What we’re reading right now: book recommendations from the Pan Macmillan team

If you’re wondering what to read next, look no further. Here, the Pan Mac team share their reading recommendations.

For bookworms (which the team at Pan Mac certainly are) the upside of spending so much time at home is that we have so many extra hours free to devote to our must-read lists. Here we asked some of the team to share the books they’re reading right now. So whether you’ve got to the bottom of your must-read pile and you’re wondering what to read next, or if you’re struggling to focus on a book in these strange times, we hope these reading recommendations will inspire you.

Wilding by Isabella Tree,  recommended by William Upcott, Digital Marketing Executive

With its blend of wildlife and hope, Wilding has provided an escape into nature that I’ve been missing over the last couple of months while cooped up in my flat. Wilding tells the story of Isabella Tree and Charlie Burrell’s ‘rewilding’ experiment – taking a step back from intensive farming at Knepp Castle to let nature take over their land. Following the introduction of cattle, deer and other free-roaming animals, rare wildlife has now found a home at Knepp unassisted by humans, with flora and fauna flourishing. Some of the more uplifting news stories of late have focused on nature’s ability to thrive. In the same way, I’ve found Wilding to be a beacon of hope for the future during otherwise troubling times.


by Isabella Tree

Book cover for Wilding

In a project now known as the Knepp Experiment, Isabella Tree and her husband Charlie Burrell gave nature free rein and stepped back to let it take its course, whilst introducing free-roaming animals including cattle, ponies, pigs and deer. Their land is now a home to rare species such as turtle doves and purple emperor butterflies, and is a buzzing, joyful ecosystem. This book is a transformative tale of hope, determination and the magical strengthening power of nature.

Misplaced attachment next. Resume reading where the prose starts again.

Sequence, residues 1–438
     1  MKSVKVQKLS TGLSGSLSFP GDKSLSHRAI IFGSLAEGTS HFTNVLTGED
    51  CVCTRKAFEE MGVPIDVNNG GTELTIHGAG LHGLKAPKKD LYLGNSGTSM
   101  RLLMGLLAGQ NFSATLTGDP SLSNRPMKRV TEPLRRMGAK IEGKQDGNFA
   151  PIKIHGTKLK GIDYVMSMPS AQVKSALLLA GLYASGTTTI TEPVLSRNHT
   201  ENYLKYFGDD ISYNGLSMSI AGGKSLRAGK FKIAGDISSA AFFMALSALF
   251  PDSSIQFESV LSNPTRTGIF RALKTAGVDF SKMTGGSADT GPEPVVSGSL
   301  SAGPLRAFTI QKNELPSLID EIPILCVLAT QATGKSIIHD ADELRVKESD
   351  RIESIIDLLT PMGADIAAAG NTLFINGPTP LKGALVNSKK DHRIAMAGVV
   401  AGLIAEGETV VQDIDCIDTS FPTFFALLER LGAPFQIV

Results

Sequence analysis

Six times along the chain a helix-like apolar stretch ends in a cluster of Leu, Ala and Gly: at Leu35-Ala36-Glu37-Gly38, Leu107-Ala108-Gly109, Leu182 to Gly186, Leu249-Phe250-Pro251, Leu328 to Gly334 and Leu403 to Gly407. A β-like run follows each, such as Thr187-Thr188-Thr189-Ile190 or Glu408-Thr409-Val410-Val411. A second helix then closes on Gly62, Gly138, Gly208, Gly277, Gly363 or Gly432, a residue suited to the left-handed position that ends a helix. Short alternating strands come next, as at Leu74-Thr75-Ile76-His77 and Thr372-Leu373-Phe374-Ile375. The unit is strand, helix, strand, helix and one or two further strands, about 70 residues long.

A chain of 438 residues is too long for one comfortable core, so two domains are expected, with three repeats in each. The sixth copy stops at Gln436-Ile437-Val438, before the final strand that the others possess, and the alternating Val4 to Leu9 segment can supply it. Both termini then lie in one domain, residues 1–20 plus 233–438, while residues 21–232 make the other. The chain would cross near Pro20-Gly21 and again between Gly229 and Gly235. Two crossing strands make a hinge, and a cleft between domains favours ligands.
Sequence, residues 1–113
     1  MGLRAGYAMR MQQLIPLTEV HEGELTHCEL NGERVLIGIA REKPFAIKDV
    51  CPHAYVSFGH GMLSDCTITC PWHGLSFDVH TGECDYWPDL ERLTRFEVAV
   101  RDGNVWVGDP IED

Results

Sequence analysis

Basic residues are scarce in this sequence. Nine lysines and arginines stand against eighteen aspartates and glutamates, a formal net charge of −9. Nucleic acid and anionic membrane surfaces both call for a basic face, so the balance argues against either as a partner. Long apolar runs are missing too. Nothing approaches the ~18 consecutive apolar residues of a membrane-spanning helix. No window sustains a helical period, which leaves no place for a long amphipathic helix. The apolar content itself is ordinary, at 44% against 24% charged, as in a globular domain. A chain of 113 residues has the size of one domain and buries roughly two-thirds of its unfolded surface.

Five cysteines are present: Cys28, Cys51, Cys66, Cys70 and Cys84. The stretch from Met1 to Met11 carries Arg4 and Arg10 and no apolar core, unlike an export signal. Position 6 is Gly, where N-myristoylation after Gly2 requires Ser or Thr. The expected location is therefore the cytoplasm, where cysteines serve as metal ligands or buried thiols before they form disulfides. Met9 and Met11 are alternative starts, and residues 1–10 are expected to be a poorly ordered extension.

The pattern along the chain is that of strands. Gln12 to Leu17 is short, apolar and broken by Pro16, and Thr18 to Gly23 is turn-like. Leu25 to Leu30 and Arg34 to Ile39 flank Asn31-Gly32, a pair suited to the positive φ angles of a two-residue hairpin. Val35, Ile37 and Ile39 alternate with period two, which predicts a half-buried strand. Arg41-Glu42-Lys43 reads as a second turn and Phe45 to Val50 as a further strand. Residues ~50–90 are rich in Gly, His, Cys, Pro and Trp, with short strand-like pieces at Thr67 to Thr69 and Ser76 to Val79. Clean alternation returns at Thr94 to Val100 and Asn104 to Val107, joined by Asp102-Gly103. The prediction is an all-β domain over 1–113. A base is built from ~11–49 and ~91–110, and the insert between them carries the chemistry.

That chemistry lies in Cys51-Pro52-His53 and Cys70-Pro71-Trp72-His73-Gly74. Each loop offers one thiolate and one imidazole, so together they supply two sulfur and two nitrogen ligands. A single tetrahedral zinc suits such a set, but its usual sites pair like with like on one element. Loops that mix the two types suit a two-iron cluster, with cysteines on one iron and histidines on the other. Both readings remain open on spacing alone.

The Galton Case by Ross Macdonald and Funny Weather by Olivia Laing, recommended by Kris Doyle, Editorial Director, Picador

My first choice of book to bring relief in these difficult times was a humorous one, but the supposedly funny book I read wasn’t as funny as everyone said, so I came up with two other strategies. First, I went for plot: a classic crime novel by Ross Macdonald called The Galton Case. It was good to focus on a story, not the news. You’ll like this if you are a Raymond Chandler fan. The mystery will keep you turning the pages as the smart prose keeps you smiling. 


After all that pace I wanted to slow things down, so I picked up Olivia Laing’s lucid essays on culture, Funny Weather: Art in an Emergency, letting my brain float in the stopped time of Agnes Martin’s paintings and David Hockney’s landscapes. Laing’s a supple and precise writer on the visual arts, and she’s got a gift when it comes to the tougher of the critic’s two jobs: recommendation. Her enthusiasm sends you off to seek out what she loves with almost as much passion as she has; harder than doing a hatchet job, that.

Funny Weather

Book cover for Funny Weather

Funny Weather brings together a selection of Olivia Laing’s writing on art and culture from throughout her career, examining its role in our personal and political lives. We’re often told art can’t change anything, but Laing argues that it can. Art changes how we see the world, makes plain inequalities and offers fertile new ways of living.